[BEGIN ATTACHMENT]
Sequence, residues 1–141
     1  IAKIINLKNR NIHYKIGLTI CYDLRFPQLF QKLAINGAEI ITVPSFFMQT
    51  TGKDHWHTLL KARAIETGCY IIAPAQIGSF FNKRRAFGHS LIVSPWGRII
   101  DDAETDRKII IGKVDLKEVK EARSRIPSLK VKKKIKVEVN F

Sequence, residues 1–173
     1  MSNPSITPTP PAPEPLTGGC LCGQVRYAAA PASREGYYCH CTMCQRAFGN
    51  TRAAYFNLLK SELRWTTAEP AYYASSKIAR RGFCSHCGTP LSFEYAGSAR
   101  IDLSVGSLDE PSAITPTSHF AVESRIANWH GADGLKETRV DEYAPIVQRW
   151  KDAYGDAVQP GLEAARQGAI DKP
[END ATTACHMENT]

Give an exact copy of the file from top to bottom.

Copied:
Sequence, residues 1–141
     1  IAKIINLKNR NIHYKIGLTI CYDLRFPQLF QKLAINGAEI ITVPSFFMQT
    51  TGKDHWHTLL KARAIETGCY IIAPAQIGSF FNKRRAFGHS LIVSPWGRII
   101  DDAETDRKII IGKVDLKEVK EARSRIPSLK VKKKIKVEVN F

Sequence, residues 1–173
     1  MSNPSITPTP PAPEPLTGGC LCGQVRYAAA PASREGYYCH CTMCQRAFGN
    51  TRAAYFNLLK SELRWTTAEP AYYASSKIAR RGFCSHCGTP LSFEYAGSAR
   101  IDLSVGSLDE PSAITPTSHF AVESRIANWH GADGLKETRV DEYAPIVQRW
   151  KDAYGDAVQP GLEAARQGAI DKP